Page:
`Thistle and Shamrock'. Fiona Ritchie spins a wee bit o' burr on the air
THOUSANDS of radio listeners across the United States stay home to hear her voice. Her national radio program -- featuring a seemingly obscure genre of music -- provides what one listener calls ``an hour of joy, tears, happiness, and wonderful pleasure each week.'' Native Scot Fiona Ritchie is producer and host of ``The Thistle & Shamrock,'' a weekly exploration of traditional folk music from Scotland, Ireland, Wales, and Brittany. She tapes the series at the studios of public radio station WFAE in Charlotte, N.C.; American Public Radio (APR) then distributes each program via satellite to 311 affiliates nationwide. More than 125 stations broadcast ``The Thistle & Shamrock,'' making it one of APR's most popular offerings. As a free-lance writer working at the originating station, I've had an opportunity to follow the show's progress.
What is it about Ms. Ritchie's series that so stirs listeners that they call her to describe their ancestries, to propose marriage, and to tell her they've named their pets after her? What motivated the Chicago Tribune to name ``Thistle'' the best new radio series of 1983?
Perhaps listeners appreciate featured Celtic ensembles like Silly Wizard, The Chieftains, Ossian, and De Danann, who play fiddles, harps, and other familiar instruments in new ways. Perhaps the exotic sounds from pipes, tin whistles, and bodhrans (Celtic drums), entice them. Or perhaps they're enchanted by the pure tones of singing in English and Gaelic.
``I think Celtic music taps into the emotions more intensely than most kinds of music,'' says Ritchie in the Scottish burr listeners characterize as ``compelling.'' ``The music has a timeless quality, even though so much of it is ancient. There is a freshness to it that can be found chiefly in acoustic music.''
Listeners also enjoy the thematic nature of the show. In one program, Ritchie may highlight the versatility of a particular instrument. In another, she may pay tribute to a certain artist or group. She also devotes programs to songs and tunes about broad topics -- journeys, battles, the sea, flight, love. Her brief commentaries between sets -- about the music, artists, and history of the Celtic peoples -- bind each program together.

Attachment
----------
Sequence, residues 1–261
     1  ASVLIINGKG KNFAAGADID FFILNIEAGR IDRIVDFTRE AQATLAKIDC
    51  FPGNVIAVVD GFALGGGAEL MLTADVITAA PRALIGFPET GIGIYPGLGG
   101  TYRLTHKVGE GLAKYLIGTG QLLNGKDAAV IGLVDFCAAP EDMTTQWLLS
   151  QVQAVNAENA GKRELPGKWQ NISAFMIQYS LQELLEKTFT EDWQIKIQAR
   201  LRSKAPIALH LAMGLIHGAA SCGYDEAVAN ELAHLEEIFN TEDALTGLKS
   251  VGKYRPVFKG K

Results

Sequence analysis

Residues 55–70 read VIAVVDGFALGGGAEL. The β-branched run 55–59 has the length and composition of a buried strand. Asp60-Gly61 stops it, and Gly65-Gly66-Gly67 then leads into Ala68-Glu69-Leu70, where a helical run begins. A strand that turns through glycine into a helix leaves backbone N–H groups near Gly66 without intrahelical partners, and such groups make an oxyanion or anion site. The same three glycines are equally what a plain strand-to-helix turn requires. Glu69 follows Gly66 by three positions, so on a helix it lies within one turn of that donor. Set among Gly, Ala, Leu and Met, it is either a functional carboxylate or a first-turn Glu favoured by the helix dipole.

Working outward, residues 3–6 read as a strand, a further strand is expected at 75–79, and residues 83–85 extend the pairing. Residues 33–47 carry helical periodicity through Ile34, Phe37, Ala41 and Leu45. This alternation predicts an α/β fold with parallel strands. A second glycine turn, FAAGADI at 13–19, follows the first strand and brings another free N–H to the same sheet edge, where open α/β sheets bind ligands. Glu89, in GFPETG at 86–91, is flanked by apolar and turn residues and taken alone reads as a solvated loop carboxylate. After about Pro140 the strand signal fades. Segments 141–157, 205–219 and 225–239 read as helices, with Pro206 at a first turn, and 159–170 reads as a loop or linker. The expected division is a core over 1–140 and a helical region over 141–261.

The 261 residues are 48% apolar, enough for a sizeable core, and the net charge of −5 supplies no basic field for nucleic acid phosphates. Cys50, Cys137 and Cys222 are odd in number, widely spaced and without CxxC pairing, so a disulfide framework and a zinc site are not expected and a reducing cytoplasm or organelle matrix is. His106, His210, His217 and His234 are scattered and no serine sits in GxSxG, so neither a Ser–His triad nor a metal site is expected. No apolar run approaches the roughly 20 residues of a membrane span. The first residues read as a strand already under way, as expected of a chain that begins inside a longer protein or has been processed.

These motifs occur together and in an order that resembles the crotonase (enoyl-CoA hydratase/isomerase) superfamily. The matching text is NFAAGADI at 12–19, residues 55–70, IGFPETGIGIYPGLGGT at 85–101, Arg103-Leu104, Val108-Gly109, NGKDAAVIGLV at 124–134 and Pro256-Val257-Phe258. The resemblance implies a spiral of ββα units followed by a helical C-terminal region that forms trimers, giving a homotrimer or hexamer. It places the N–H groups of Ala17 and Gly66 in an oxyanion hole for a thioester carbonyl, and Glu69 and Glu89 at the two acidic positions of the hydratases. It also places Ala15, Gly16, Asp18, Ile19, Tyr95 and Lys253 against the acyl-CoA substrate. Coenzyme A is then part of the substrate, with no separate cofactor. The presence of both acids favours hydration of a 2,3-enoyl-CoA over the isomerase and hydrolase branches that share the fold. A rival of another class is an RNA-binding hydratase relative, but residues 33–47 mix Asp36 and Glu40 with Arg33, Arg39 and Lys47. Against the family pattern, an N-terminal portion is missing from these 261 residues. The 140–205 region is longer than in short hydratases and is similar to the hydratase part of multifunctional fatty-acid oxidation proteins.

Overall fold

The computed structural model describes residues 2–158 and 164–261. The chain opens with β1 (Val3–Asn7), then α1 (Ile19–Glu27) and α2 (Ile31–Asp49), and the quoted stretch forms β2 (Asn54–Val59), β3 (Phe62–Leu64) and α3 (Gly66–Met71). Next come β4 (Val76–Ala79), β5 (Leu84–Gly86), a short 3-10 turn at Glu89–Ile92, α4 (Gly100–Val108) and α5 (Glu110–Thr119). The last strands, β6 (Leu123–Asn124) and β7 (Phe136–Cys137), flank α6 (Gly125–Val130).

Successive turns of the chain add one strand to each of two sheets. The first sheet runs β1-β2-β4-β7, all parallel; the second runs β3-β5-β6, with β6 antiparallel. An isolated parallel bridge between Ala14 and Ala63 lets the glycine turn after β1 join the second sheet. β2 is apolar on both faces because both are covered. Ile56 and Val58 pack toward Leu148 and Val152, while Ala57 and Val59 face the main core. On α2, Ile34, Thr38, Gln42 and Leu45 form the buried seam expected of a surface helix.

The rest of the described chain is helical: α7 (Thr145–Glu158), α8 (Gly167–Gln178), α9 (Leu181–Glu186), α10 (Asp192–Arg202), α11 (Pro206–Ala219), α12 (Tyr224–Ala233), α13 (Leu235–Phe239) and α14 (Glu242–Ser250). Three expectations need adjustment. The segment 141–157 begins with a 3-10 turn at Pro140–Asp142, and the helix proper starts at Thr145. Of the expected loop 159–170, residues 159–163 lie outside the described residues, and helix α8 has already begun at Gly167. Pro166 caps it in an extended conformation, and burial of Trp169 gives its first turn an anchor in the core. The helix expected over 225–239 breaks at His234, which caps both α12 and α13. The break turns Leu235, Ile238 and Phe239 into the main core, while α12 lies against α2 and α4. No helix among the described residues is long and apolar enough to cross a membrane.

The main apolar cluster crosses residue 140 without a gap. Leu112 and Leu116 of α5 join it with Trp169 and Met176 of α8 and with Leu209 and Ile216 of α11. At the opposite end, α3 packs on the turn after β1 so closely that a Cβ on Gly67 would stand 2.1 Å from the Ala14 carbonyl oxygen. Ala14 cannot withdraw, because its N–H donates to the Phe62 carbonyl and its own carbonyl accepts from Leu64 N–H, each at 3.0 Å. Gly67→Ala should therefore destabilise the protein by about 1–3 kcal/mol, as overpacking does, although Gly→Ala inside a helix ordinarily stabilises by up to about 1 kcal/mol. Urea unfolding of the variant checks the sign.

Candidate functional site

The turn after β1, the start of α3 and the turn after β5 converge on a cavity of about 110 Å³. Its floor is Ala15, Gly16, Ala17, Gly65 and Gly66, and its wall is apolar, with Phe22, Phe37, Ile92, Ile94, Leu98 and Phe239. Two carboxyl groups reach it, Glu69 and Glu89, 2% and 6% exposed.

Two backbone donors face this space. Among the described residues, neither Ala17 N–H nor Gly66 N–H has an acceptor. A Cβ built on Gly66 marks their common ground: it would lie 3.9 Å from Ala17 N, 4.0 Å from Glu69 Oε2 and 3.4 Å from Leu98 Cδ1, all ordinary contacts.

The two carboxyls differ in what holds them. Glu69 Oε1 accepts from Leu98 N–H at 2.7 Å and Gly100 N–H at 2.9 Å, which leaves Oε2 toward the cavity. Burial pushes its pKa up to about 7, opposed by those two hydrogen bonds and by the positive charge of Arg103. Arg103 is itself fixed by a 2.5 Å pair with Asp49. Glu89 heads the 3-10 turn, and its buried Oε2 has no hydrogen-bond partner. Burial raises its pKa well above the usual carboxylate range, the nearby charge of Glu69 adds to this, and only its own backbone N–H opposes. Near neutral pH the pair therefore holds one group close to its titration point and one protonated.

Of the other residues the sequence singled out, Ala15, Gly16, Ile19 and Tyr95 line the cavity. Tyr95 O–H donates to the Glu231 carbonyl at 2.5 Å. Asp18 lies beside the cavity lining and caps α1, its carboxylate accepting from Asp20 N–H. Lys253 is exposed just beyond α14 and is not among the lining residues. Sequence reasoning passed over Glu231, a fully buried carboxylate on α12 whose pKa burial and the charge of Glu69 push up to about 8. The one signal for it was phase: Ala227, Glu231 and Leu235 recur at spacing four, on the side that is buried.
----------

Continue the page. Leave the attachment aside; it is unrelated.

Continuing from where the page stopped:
``The Thistle & Shamrock'' debuted as a weekly series here in January of 1982. A year and a half later, APR accepted the series for national distribution. ``This program was different, a narrow slice of culture too delightful to pass up,'' says Nick Nash, former vice-president of programming for APR, about his initial reaction to ``Thistle.'' ``What struck me as interesting was the way Fiona put it together with that wonderful lilting accent of hers.''
To sound spontaneous, Ritchie prepares rigorously for each program. She selects all the music herself, choosing from among hundreds of records purchased during trips to Scotland. The musical cuts are carefully arranged to showcase every selection.
``Some songs and voices lead into one another,'' she explains. ``Sometimes a song will seem to lead into an instrumental. The music should flow -- draw you from one connection to another.''
Ritchie makes a practice tape of the music to find out if her choices do enhance each other. She writes notes for her breaks rather than a formal script, because, she says, a script ``would change the spirit of the program.'' When she's ready to record, she tries two or three takes of her introduction, then keeps the tape running until she completes the program an hour later.
``I feel most caught up in the music, transported by it, when I follow this process,'' she says. ``I want to go through the same thoughts and moods as my listeners. If they're elated, I want to be, too.''
Ritchie had never hosted or produced anything on radio before ``The Thistle & Shamrock,'' though she discovered the music of her homeland at an early age. Ritchie, the full-time development director of WFAE, was born in Gourock, on the west coast of Scotland, and grew up in a music-loving family. ``My mum,'' she recalls, ``always liked to play BBC Radio Scotland's traditional Scottish dance music and dance around the house. She'd sing little snippets of songs. Before I knew it, I had quite a wee repertoire of fragments myself!''
After her graduation from the University of Stirling in 1981, Ritchie and her American husband moved to Charlotte. Soon after, she visited WFAE, on the campus of the University of North Carolina at Charlotte, and asked about volunteer opportunities. Station manager Jennifer Roth welcomed her, but she warned her that she would never be allowed on the air because of her accent. ``Yes, I'm glad I changed my mind about that decision!'' Ms. Roth says with a laugh.